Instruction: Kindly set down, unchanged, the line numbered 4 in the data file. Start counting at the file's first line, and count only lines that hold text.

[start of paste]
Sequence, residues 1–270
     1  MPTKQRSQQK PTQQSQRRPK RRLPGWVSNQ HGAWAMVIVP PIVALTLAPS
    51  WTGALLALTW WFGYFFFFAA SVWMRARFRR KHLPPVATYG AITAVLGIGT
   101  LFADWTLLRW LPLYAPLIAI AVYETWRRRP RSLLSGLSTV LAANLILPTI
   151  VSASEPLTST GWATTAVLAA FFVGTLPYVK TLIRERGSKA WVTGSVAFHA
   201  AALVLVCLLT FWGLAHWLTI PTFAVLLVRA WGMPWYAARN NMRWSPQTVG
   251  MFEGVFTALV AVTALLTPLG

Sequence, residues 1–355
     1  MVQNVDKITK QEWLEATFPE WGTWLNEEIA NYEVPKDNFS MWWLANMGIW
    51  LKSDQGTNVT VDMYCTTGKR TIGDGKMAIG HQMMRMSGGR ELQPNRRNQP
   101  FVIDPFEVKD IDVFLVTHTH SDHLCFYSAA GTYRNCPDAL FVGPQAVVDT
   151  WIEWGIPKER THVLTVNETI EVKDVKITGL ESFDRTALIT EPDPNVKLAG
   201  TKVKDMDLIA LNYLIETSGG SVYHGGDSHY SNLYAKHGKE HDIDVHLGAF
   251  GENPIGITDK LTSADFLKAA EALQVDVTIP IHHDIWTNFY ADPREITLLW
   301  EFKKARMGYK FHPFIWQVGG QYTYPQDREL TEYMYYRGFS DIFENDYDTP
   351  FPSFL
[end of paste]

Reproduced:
   101  LFADWTLLRW LPLYAPLIAI AVYETWRRRP RSLLSGLSTV LAANLILPTI